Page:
There are many manufacturers who produce scale model trees, from the obvious ones like Woodland Scenics and Scenic Express, to the less obvious choices of Bachmann and MRC (with their new JTT line-up). Their websites have pictures of their current offerings. Most of these big train manufacturer corporations’ selections are trees that work best for smaller scales like HO and N although there are some that will work in O scale as well. Because trees are constantly growing, there is no set scale so the best judge of what fits where will be your own eyes. Specialty model railroad scenery companies like Grand Central Gems and Timberline focus primarily on trees and have offerings that are larger and more appealing in big scales like G. The specialty companies are also more likely to have package pricing for a bigger number of trees than just the sets of 2 as the smaller scale trees come packaged.
Woodland Scenics Premium Oak Tree
The trees in the smaller scales come in a wide array of species, although many look pretty similar when you pull them further away from your face than a few feet. Most noticeable are trees with blossoms or fruit which stand out better against the green leaf canopy. The methods of manufacture differ as well, with some having trunks made of twisted wire, others of cast plastic; a few have wood trunks with wire branches inserted into them. The all-around nicest deciduous trees that I have ever seen used dried tumbleweed as trunks. That was a while ago so I’m not sure who makes that type nowadays. Higher cost does not automatically equal a better tree so you may need to hop down to the hobby shop yourself and look at actual stock to determine which is most aesthetically pleasing to you.
Installing trees on your layout is a project in itself and calls for plenty of patience (what in the hobby of Model Railroading doesn’t?). Our methodology calls for punching a small hole in the hard shell of the scenic surface and gluing the tree trunk into it using high viscosity super glue and accelerator. Be careful of hidden tracks below the scenery; cover them so no glue endangers them. Since some trees come with a molded root base, you may need to snip this off or even insert a wire up the bottom of the trunk if it isn’t long enough. Trees should occur in twos or threes of a species in a given area. There can be an occasional stand alone, but small groupings look more realistic. After installation, a little scenery may be needed at the bases to cover glue marks or scenic chips.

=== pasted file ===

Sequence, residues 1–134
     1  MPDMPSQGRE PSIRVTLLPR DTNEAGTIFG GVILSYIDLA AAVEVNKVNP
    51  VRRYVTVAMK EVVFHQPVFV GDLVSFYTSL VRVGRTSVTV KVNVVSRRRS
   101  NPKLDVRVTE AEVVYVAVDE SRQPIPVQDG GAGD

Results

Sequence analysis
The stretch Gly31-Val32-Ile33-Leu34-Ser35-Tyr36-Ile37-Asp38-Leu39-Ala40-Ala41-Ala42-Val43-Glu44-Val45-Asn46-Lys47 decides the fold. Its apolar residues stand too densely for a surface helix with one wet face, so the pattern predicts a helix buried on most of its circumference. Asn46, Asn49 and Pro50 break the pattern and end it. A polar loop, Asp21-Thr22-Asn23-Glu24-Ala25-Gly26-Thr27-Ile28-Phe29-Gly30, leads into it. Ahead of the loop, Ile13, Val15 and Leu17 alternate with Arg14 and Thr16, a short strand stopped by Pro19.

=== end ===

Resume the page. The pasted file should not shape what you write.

Sometimes, a large number of trees will be so close together that you really only need detailed trees at the front edge, where the trunks will be visible. Densely packed areas can be filled with tree-like balls of foliage that do not have trunks as the trunks can never be seen, just the canopy of the tree. This can be seen in many layouts in the train mags where a tree covered hillside is completely and realistically depicted using this method. The back part of the Horseshoe Curve above was created using such a technique.
Trees will bring your layout to life, but unless you are modeling a desert you will also be surprised by how many you really need to cover even a moderately forested area. This is one more reason that planning ahead and knowing what you want will make your project that much more enjoyable and stress free.
from the February, 2012 SMARTT Newsletter